LC31 next permutation

Implement next permutation, which rearranges numbers into the lexicographically next greater permutation of numbers.

If such arrangement is not possible, it must rearrange it as the lowest possible order (ie, sorted in ascending order).

We can think lexicographical order like regular number. The bigger the number, the later in the order is a number. For example, 321 is bigger than any permutation of 3,2,1 so it is the biggest number in lexicographical order.

What is in the biggest number.

The biggest number with 3 number is 321. It has the characteristics that the largest number is placed at the very beginning. The second largest number is placed in the second most significant place.

So the kth biggest number is placed on the kth place in the number for the biggest number.

In other word, when going through the number reversely, it will be monotonically increasing.

What kind of number can be increased

A number can be increased in lexicographical order when the kth place contain a number that’s smaller than the kth large number. EG: 123 can be increased because the 1 th place contain 1, which is smaller than the 1st largest number.

How to find the next permutation?

Find the smallest number larger than the number that breaks the monotone increase and swap it with the number that breaks the monotone increase

For next permutation, we first need to determined if it is the biggest number by going from back to front. If we see a decrease at k, we know that there are a number in nums[k, end] that is bigger than nums[k].

To find the next permutation, we want to new number to be bigger and to be the **Smallest number bigger ** than the current number.

Even though we know nums[k] < nums[k + 1], we need to sub nums[k] with the smallest number that’s larger than nums[k], so we scan nums[k + 1 : end] to find it and then swap.

Flip the list from k + 1 to end (k is where the number that breaks monotone is at)

After the swap, we also need to make nums[k + 1 : end] is the smallest permutation. Assume we swapped nums[k] with nums[j] where k < j < end.

To find the smallest permutation from nums[k + 1 : end], we need to make sure the numbers are monotone increasing from k + 1 till end. Before the swap happened, nums[k + 1 : end] was monotone decreasing from k + 1 to end. So we can just flip nums[k + 1 : end] to achieve smallest permutation among nums[k + 1 : end]. But after the swap, with nums[k] at j, is it still the case?

Basically, we want to maintain

  1. nums[j + 1] < nums[k]
  2. nums[k] < nums[j – 1]

after we swap nums[k] into nums[j]

nums[k] < nums[j – 1]

We know nums[k] < nums[j], and smaller sign commutes, so nums[k] < nums[j] < nums[j – 1] and no.2 holds.

nums[k] > nums[j + 1]

we knows nums[j] > nums[j + 1] because nums[k…j…end] is monotone decreasing. But nums[k] < nums[j], so we can’t confirm nums[k] > nums[j + 1] directly.

Use prove by contradiction: assume nums[k] < nums[j + 1]. Then nums[j + 1] > nums[k]. We recall that nums[j + 1] < nums[j] so nums[j + 1] is the smallest number larger than nums[k], not nums[j]. This is a contradiction so nums[k] > nums[j + 1].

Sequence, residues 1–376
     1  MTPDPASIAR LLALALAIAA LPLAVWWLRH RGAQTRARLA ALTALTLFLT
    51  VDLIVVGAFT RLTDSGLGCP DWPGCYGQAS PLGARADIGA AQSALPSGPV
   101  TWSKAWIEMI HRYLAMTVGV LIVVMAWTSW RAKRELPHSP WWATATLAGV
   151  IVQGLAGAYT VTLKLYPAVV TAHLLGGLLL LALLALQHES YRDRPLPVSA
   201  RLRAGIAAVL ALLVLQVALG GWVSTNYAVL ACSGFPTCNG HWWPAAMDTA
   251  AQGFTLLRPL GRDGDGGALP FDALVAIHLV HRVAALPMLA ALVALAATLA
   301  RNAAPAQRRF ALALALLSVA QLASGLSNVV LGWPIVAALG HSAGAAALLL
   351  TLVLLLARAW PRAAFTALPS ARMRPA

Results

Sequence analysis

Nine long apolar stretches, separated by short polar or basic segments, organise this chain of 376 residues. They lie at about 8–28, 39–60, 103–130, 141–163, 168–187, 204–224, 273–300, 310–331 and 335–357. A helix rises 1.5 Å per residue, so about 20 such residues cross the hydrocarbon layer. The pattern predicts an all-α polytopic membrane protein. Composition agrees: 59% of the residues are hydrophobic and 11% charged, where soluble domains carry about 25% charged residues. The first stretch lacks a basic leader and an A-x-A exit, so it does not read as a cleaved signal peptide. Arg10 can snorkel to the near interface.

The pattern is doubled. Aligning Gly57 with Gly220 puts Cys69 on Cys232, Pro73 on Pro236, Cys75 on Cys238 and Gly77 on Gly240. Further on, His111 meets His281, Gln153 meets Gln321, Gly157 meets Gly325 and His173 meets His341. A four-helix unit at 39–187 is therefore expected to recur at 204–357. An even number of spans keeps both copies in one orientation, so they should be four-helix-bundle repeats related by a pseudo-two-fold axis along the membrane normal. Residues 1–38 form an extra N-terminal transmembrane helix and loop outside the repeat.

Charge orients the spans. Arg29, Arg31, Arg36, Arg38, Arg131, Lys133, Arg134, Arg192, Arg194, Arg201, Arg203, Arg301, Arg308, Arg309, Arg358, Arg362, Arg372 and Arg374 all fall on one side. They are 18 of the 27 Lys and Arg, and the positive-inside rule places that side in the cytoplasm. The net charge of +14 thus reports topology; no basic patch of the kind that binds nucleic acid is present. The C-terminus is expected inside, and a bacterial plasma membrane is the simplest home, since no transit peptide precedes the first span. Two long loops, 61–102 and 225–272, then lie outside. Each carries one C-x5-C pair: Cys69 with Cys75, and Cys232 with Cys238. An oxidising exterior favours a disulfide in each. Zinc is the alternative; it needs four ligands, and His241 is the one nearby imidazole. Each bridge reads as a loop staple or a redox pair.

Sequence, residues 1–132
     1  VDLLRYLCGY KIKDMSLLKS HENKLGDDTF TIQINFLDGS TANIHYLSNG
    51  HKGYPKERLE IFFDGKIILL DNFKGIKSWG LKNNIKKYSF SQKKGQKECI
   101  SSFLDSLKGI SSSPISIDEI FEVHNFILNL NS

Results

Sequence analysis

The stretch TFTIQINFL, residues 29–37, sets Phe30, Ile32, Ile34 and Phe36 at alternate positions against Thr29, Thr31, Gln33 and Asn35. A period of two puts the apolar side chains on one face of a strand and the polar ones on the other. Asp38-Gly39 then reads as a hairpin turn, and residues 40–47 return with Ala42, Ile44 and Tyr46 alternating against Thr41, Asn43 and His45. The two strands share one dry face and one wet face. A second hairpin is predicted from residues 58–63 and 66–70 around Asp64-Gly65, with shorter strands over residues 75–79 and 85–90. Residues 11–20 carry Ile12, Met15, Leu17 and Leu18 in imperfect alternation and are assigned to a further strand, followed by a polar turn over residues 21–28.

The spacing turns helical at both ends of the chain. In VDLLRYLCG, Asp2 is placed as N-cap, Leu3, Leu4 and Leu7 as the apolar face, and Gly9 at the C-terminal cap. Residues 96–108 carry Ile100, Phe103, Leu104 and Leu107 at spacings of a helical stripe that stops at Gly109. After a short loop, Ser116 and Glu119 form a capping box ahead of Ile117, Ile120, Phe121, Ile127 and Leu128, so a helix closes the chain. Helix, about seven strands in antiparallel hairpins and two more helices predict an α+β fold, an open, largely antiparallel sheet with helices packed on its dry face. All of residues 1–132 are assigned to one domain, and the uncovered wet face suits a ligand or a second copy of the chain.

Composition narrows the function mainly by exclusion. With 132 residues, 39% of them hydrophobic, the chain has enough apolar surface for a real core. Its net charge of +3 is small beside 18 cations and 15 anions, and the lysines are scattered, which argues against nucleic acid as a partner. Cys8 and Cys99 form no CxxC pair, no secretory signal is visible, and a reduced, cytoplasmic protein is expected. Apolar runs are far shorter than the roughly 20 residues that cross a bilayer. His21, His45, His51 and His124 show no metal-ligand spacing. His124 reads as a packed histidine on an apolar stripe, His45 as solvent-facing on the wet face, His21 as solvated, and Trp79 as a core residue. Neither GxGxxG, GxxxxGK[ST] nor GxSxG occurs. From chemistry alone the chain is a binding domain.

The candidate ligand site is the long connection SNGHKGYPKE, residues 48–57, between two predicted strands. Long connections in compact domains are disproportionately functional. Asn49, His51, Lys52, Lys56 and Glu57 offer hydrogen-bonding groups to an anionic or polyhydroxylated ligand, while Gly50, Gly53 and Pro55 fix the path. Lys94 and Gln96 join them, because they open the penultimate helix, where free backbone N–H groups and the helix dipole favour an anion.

So after the swapping, the sequence nums[k + 1 : end] is still monotone decreasing from k + 1 till end so it is the largest permutation for numbers in nums[k + 1 : end]. We only need to flip nums[k + 1: end] to achieve the smallest permutation


    def nextPermutation(self, nums):
        :type nums: List[int]
        :rtype: void Do not return anything, modify nums in-place instead.

        for i in range(len(nums) - 1, 0, -1):
            right_num = nums[i]
            left_num = nums[i - 1]
            if right_num > left_num:  #break monotone increase, 
                #need to find the smallest num larger than left_num from nums[i:]
                smallest_pos = i

                for j in range(i, len(nums)):
                    if nums[j] <= nums[smallest_pos] and nums[j] > left_num:
                        smallest_pos = j
                smallest = nums[smallest_pos]
                nums[smallest_pos] = nums[i - 1]
                nums[i - 1] = smallest

                for j in range((len(nums) - i) // 2):
                    temp = nums[i + j]
                    nums[i + j] = nums[len(nums) - j - 1]
                    nums[len(nums) - j - 1] = temp


        for i in range(len(nums) // 2):
            temp = nums[len(nums) - 1 - i] 
            nums[len(nums) - 1 - i] = nums[i]
            nums[i] = temp

subtle bug I had

<= instead of <


if nums[j] <= nums[smallest_pos] and nums[j] > left_num:

I first didn’t use <= but <. So the code will update the smallest only when it sees a number smaller than smallest.
This will break for input like [2,3,1,3,3]
We will settle with smallest_pos at 3 instead of 4.After the swap, we have [2,3,3,1,3], which breaks the assumption that from nums[k + 1 : end], we have the max permutation.

To maintain this assumption, we need to let the smallest_pos goes to as far back as possible toward the least significant digit. So we use <=.

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